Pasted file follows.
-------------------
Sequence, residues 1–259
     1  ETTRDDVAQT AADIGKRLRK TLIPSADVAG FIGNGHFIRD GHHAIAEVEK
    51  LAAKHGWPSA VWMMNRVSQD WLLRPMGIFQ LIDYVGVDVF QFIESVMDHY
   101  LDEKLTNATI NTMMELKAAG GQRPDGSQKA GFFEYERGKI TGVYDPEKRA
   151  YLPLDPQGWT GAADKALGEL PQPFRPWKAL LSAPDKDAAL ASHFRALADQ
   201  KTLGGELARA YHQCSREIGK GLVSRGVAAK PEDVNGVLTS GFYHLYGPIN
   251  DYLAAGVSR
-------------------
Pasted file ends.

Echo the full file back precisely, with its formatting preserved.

Sequence, residues 1–259
     1  ETTRDDVAQT AADIGKRLRK TLIPSADVAG FIGNGHFIRD GHHAIAEVEK
    51  LAAKHGWPSA VWMMNRVSQD WLLRPMGIFQ LIDYVGVDVF QFIESVMDHY
   101  LDEKLTNATI NTMMELKAAG GQRPDGSQKA GFFEYERGKI TGVYDPEKRA
   151  YLPLDPQGWT GAADKALGEL PQPFRPWKAL LSAPDKDAAL ASHFRALADQ
   201  KTLGGELARA YHQCSREIGK GLVSRGVAAK PEDVNGVLTS GFYHLYGPIN
   251  DYLAAGVSR